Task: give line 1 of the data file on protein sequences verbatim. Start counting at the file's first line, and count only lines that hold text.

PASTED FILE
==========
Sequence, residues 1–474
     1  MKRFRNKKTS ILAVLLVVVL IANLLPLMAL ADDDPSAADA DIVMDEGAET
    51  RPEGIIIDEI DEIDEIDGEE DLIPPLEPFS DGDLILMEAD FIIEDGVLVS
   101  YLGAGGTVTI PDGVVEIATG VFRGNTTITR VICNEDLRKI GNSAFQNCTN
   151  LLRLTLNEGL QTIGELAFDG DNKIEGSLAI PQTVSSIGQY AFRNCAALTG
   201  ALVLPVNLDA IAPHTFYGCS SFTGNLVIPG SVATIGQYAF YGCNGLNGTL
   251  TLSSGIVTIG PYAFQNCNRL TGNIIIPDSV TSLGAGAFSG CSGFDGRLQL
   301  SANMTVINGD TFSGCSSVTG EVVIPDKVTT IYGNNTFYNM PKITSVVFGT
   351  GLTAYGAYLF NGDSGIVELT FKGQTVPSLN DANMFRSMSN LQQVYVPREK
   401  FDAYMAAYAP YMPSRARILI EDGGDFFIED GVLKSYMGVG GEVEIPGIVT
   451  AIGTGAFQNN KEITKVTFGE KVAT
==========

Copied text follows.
Sequence, residues 1–474